In the Media


This Cards Against Humanity-like game for jaded aid workers is as cynical about the world as they are

Unlike the more generalized cynicism of Cards Against Humanity (CAH), JadedAid’s cynicism is specific—that of the world-weary humanitarian worker trapped in the “development industrial complex,” or “DIC,” as cofounder Teddy Ruge calls it. By that he means the multi-billion dollar aid industry focused on poverty and conflict in developing and crisis-stricken countries.

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Could A Vial Of Bono’s Tears End Poverty? In This Card Game, It Can

npr-homeWith cards like “an unpronounceable acronym,” “a vial of Bono’s tears,” “saving Africa one adoption at a time,” and “giving up any hope of a stable relationship,” the 200-card deck shines a light on aid stereotypes, gets real about living in the field and pokes fun at jargon. And depending on your personal sensitivities, the cards could be offensive or NSFW.

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Jaded Aid: the drinking game for disillusioned humanitarians

Unknown-1Sounds cathartic but aren’t some of these cards kind of offensive? 

Exactly. “This isn’t about just dipping one toe across the line of what’s acceptable, the whole point is to take a pole vault and launch yourself across the line,” says Ruge, who on a more serious level hopes the game will encourage more frank discussion about issues in the aid industry. “JadedAid says the things all aid workers have always wanted to say but didn’t have plausible deniability. Now they have it.”

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Cards Against Humanitarians

Unknown-1Judging from JadedAid’s enthusiastic reception among development practitioners, the game’s criticism has certainly hit a nerve. Beyond the fraught politics of development, many of the cards mock other ever-present industry complaints. Some cards (“What’s the best use for unpaid interns?” or “I can’t believe you just got a Western Union transfer from your mom to pay for ______”) make fun of the low salaries common in the field, particularly for younger workers. Other cards (“a photogenic rape victim,” “holding a child’s unwashed hands”) critique the way aid organizations sometimes exploit images of the people they’re meant to serve for organizational gain.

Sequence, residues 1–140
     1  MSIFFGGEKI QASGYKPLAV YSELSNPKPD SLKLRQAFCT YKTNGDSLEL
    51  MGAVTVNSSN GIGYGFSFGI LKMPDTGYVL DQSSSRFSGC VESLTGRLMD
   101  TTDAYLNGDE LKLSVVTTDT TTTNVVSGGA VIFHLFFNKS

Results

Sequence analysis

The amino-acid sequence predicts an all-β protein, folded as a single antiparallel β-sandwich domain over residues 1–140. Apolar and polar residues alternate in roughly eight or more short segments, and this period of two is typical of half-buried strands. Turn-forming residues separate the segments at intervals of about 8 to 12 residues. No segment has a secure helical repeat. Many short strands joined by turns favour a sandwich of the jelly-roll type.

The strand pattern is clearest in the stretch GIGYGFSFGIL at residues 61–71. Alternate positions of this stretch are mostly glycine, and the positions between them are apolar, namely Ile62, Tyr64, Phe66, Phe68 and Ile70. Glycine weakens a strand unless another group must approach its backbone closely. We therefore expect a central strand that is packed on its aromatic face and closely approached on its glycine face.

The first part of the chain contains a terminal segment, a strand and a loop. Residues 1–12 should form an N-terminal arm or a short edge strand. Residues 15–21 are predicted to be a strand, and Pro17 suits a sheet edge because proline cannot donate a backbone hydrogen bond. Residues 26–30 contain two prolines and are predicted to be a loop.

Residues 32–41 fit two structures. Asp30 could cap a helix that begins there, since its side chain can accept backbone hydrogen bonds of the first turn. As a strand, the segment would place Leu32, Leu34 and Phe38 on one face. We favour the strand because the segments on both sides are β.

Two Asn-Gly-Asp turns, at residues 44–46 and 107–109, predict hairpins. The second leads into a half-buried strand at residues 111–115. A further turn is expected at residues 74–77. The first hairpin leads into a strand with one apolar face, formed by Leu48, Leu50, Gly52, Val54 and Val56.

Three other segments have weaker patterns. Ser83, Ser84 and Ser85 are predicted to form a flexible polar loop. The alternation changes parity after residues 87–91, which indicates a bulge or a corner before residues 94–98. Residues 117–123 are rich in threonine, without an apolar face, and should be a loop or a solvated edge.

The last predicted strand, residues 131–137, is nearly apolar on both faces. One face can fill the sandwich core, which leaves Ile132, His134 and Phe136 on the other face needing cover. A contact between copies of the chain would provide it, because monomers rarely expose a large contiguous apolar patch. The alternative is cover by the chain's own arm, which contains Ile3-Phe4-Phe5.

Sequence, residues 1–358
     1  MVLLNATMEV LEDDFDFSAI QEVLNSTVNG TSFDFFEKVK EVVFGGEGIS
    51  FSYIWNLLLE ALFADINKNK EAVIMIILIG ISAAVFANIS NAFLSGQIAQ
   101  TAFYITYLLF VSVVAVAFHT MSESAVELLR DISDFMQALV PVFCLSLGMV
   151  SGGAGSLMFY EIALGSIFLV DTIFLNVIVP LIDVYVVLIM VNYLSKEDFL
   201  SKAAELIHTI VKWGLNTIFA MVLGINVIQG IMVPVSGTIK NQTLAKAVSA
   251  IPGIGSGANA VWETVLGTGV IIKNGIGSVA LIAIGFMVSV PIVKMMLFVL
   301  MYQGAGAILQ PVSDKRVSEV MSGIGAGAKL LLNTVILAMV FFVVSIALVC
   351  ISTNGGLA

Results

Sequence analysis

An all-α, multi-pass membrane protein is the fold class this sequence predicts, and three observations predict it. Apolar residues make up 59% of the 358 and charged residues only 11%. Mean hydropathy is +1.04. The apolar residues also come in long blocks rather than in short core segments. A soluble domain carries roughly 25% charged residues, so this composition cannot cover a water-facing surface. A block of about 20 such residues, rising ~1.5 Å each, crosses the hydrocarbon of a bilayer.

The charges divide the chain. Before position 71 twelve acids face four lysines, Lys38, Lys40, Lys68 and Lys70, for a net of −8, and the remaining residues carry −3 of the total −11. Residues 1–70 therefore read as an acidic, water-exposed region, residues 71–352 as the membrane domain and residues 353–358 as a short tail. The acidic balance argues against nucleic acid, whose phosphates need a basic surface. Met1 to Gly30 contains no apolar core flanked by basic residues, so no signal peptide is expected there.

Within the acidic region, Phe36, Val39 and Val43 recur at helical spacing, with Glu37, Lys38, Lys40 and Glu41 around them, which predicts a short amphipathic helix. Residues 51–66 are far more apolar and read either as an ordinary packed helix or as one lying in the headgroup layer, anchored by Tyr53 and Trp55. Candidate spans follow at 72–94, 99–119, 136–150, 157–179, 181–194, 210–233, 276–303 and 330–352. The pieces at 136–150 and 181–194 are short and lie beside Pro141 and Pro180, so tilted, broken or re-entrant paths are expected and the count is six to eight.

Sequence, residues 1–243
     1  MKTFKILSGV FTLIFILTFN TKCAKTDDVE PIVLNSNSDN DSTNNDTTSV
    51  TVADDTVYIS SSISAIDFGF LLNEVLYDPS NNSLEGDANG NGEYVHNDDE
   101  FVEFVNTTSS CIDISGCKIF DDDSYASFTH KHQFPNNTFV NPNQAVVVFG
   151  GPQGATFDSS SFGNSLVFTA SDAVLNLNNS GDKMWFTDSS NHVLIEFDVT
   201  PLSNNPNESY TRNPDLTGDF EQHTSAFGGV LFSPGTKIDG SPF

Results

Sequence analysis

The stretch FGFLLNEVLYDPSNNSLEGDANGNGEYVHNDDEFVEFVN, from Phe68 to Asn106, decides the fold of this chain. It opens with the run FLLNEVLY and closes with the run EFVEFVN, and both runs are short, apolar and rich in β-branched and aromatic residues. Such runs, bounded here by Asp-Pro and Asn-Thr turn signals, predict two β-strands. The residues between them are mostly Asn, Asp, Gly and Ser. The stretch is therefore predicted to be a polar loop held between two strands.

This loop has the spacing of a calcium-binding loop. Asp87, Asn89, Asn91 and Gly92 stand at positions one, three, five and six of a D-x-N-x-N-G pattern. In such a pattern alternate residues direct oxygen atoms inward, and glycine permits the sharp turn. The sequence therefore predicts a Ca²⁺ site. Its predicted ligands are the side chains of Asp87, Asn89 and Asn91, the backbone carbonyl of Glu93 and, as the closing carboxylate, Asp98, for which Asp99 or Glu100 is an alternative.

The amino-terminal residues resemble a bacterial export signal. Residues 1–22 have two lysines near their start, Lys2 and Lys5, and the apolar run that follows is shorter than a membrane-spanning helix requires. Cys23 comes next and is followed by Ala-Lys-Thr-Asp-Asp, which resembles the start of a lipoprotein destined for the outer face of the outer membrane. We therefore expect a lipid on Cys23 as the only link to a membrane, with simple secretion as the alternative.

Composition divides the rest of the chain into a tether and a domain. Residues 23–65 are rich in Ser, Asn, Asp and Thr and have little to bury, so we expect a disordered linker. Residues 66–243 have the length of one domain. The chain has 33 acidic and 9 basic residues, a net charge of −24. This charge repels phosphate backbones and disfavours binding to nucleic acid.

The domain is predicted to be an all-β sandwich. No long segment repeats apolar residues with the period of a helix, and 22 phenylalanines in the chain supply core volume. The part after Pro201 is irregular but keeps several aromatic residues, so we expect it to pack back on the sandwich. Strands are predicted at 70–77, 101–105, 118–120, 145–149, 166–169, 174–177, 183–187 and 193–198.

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Jaded Aid: The satirical playing cards with your (organization’s) name all over them

Unknown-2What did USAID bring to the people of Haiti after the 2010 earthquake?

The answer could be relief, recovery or long-term reconstruction assistance.

But it’s more likely Sean Penn, per diems or “poverty porn” — especially if you’re playing the new Cards Against Humanity-inspired Jaded Aid game.

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This Take On ‘Cards Against Humanity’ Is Pure Genius

Unknown“Some of the cards are really looking at big structural issues — and of course, those are going to be harder to fix. But then there are cards about individual actions — like ‘Helpies: Selfies to brag about helping.’ That’s a card that can change behavior and make people think twice.”


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Humanitarians against humanity

Unknown-3Humanitarian and development practitioners have often treated their world weariness with a combination of alcohol, cynicism or despair. Travel on enough missions or work in too many disaster relief contexts, and resisting the Dark Side can be an uphill battle. While advocates such as the likes of Bono and events such as the Global Citizen Festival preach humanity, goals and foreign aid, you’re stuck writing logframes and in uncoordinated cluster meetings, just trying to make it through to R&R.

What if I told you there was a card game for that? All of it.

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